Dictionary.com says of the idiom
milk of human kindness, the
Compassion, sympathy, as in There's no milk of human kindness in that girl—she's totally selfish. This expression was invented by Shakespeare in Macbeth (1:5), where Lady Macbeth complains that her husband “is too full of the milk of human kindness” to kill his rivals.
Here's an interesting fact, in Czech the expression krev a mlíko is translated in English as milk and blood; however, its meaning is far removed from that of Shakespeare's milk of human kindness. It refers to a voluptuous curvy woman, it's also worth noting that milk is clearly associated with the fairer sex, and despite the idea of it combined with blood stirring in me
a sense of mild disgust, "milk and blood" does suggest someone who is expressly feminine yet passionate, and added bonus, lusty too. Lest we forget, blood is red; the color of love and passion.
Similarly, the themes of blood and milk often make their appearance in Macbeth, as @TaliesinMerlin's answer also illustrates.
In the famous line, Lady Macbeth accuses her husband of being compassionate, of being too nurturing, of acting motherly. Today, some might use the slang “wuss”: failing to do or complete something as a result of fear or lack of confidence, this accusation could have been aimed at a person who had never entered into battle but to a Scottish general? Macbeth, by all accounts, was a valiant warrior whose sword had slashed and massacred innumerable lives.
"For brave Macbeth — well he deserves that name —
Disdaining Fortune, with his brandish'd steel,
Which smoked with bloody execution,
Like valour's minion carved out his passage
Till he faced the slave." I. ii. 16-20.
"Bellona's bridegroom, lapp'd in proof."
I. ii. 54.
Bellona, the Roman goddess of war, and Macbeth her groom.
Yet, Macbeth's very own wife, the person who knew him better than any other accused him of being a loving nurturing mother. “Human milk” i.e. breast milk, is naturally warm and fed to babies, the most vulnerable and innocent participants of mankind.
The imagery of masculine resolve and unbridled ambition is later summoned by Lady Macbeth
I have given suck, and know
How tender 'tis to love the babe that milks me:
I would, while it was smiling in my face,
Have pluck'd my nipple from his boneless gums,
And dash'd the brains out, had I so sworn as you
Have done to this.
I suggest that Shakespeare uses the expression “milk of human kindness” in its literal sense, milk was known to be nourishing and essential for babies to prosper and grow but it was also believed to contain human personality traits. Elizabethans knew that breastfeeding was responsible for creating the profound bond between a mother and her child.
“In the fifteenth century, as Paulus Bagellardus tells us, a
-mother customarily suckled her child for two or three years.”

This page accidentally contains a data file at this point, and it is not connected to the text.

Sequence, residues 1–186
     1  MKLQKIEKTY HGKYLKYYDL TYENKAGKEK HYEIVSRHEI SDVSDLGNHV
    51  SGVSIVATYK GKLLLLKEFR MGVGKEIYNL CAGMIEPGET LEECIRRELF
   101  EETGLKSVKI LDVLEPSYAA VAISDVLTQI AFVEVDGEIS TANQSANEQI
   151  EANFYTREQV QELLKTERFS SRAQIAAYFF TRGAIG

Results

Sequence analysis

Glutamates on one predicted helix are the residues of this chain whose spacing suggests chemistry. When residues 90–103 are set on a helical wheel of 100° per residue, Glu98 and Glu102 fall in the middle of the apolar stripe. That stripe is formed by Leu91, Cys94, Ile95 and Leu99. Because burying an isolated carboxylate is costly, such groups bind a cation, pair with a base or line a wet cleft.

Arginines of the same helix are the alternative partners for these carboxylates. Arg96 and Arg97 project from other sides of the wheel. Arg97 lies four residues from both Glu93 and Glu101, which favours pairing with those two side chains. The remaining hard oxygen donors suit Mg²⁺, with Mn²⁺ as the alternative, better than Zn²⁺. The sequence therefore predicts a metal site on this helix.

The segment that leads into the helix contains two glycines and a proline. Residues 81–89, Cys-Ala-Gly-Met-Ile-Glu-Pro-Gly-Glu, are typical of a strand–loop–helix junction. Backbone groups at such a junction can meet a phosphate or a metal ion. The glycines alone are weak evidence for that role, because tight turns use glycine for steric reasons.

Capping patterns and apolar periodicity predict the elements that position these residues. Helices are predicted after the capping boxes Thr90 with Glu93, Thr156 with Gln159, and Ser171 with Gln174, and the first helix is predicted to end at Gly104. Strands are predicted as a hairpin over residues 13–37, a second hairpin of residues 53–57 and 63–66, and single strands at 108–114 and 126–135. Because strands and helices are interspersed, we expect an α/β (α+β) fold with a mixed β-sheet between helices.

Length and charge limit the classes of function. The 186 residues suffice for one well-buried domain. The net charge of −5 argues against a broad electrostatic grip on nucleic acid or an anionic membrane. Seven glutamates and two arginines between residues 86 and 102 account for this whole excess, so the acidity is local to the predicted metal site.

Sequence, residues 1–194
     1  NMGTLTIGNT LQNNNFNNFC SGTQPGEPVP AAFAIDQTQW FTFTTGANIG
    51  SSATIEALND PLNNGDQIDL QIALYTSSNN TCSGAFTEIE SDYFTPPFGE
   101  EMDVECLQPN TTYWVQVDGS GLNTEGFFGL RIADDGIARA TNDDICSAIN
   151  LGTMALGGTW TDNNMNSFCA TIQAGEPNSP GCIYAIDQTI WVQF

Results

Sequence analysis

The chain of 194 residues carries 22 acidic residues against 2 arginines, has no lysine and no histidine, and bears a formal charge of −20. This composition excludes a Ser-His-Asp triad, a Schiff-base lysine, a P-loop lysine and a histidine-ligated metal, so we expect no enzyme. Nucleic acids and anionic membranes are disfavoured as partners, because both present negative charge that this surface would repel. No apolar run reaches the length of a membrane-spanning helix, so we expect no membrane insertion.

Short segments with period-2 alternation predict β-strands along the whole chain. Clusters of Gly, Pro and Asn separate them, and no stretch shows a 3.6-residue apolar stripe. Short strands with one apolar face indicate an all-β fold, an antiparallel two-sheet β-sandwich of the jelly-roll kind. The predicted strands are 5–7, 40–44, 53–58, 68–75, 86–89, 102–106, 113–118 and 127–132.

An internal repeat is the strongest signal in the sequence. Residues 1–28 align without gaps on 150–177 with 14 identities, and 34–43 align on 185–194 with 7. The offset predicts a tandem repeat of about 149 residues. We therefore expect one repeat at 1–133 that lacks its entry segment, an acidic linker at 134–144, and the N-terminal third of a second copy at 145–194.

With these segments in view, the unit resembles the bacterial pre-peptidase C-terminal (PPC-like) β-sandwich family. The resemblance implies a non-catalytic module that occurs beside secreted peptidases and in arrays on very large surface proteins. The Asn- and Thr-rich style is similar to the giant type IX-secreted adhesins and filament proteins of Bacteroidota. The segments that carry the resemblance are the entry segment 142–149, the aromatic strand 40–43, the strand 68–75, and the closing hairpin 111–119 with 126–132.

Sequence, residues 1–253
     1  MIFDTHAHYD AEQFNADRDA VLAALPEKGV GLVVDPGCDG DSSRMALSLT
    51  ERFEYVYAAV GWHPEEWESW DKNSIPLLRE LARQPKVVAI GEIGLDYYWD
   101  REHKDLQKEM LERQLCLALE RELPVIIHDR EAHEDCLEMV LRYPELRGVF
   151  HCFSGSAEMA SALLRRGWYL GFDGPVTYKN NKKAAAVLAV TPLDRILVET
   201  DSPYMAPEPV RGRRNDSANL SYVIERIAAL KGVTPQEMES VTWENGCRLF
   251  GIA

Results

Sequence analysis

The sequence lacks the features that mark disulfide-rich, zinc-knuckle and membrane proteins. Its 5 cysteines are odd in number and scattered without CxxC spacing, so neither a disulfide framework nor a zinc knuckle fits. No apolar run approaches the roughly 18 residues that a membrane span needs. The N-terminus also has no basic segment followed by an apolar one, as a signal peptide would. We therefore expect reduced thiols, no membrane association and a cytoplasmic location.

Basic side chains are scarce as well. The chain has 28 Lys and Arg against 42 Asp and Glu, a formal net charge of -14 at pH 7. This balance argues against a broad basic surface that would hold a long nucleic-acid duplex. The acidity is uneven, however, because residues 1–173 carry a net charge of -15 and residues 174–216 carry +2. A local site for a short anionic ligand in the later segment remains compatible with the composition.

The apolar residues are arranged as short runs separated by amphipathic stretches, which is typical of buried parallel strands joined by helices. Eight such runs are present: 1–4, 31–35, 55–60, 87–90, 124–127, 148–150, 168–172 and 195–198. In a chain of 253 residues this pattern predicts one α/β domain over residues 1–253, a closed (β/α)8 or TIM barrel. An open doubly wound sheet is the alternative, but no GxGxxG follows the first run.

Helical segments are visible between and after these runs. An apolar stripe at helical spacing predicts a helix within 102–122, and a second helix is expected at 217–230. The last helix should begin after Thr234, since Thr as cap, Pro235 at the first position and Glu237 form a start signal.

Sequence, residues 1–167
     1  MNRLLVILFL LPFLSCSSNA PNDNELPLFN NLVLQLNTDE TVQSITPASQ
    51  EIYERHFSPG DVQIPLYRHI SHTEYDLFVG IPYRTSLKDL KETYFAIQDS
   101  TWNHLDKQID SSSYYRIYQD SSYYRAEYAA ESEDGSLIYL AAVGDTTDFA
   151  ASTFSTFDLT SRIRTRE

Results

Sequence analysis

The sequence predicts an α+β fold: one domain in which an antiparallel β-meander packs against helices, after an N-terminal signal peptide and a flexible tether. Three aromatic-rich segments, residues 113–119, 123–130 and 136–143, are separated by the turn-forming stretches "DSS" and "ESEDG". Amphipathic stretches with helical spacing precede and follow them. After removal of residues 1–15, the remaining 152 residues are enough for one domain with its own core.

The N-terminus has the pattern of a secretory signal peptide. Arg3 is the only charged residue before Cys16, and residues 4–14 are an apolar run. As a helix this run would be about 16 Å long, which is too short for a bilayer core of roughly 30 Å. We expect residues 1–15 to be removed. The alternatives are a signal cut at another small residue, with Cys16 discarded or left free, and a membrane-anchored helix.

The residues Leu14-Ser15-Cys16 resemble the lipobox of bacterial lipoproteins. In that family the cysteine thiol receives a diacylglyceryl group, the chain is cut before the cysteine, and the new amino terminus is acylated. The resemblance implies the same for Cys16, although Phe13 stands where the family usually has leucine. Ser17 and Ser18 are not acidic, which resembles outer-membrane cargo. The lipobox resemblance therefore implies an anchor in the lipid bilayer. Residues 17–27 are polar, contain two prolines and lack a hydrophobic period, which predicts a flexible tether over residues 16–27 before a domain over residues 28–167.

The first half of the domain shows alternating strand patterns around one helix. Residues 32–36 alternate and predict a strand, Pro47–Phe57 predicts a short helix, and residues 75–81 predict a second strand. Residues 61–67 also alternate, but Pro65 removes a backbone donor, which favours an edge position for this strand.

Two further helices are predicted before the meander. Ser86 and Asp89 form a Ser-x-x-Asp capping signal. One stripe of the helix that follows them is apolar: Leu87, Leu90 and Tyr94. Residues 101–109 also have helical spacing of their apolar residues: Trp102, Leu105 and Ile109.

Due in part to this bonding period, several superstitions about breast milk persisted throughout the 15th and 16th century. Wet-nurses were employed to breast feed babies whose biological mothers were unable to suckle but it was essential that these women were of good character lest the infant should suck in the vices of a sluttish or evil-tempered wet-nurse.
… for example, was the ancient belief in the transmission of qualities of temperament from nurse to child. In solemn proof whereof we are given the story of the Queen of France who, solicitous of the welfare of her infant, devoted both time and energy to suckle him herself. One day, however, she surprised a great lady of the court giving the babe her breast. Horrified and indignant, the Queen thrust her finger down the child's throat, and he, perceiving (so it almost seemed) the danger to which he had so rashly exposed himself, rid his stomach of the illicit meal, thus preserving his royal humours from contamination with merely aristocratic virtues and providing an, object-lesson to all and sundry of lower degree who might look too lightly on wet-nursing.
Source: The History of Infant Feeding from Elizabethan Times.
A poor woman in a dingy attic, surrounded by her children, one of whom she is breast-feeding.
Engraving by N. de Larmessin III after J. Pierre.
This superstition is also confirmed by Dr Victoria Sparey
As a substance of the humoral body, breast milk was accordingly understood to shape the physicality and mentality of the suckling child. As Thomas Raynalde observed, ‘affections and qualities [of the nurse] passeth forth through the milke into the child, making the child of like condition and manners.’
But Raynalde also argued that the milk produced by the mother was more
agreeable and nourishing for an infant, noting that it was the same blood they consumed in utero, only converted to milk.
I am of the opinion that it is fit for every Mother to nurse her own Child, because her milk which is nothing but the blood whitened, which nourished the child in the womb and of which the child was conceived…
The 'byrth of mankynde' Thomas Raynolde (1540)
Lastly from the Old Testament, we have the binomial pair milk and honey. From the King James Bible, 1604-1611
- Thy lips, O my spouse, drop as the honeycomb: honey and milk are under thy tongue; and the smell of thy garments is like the smell of Lebanon.
Source: Song of Solomon 4:11
- And he hath brought us into this place, and hath given us this land, even a land that floweth with milk and honey
source: Deuteronomy 26:9
For over 1,500 years milk had represented prosperity and goodness, its positive symbolism had been firmly established long before Shakespeare had penned the line "Yet do I fear thy nature; it is too full o' the milk of human kindness."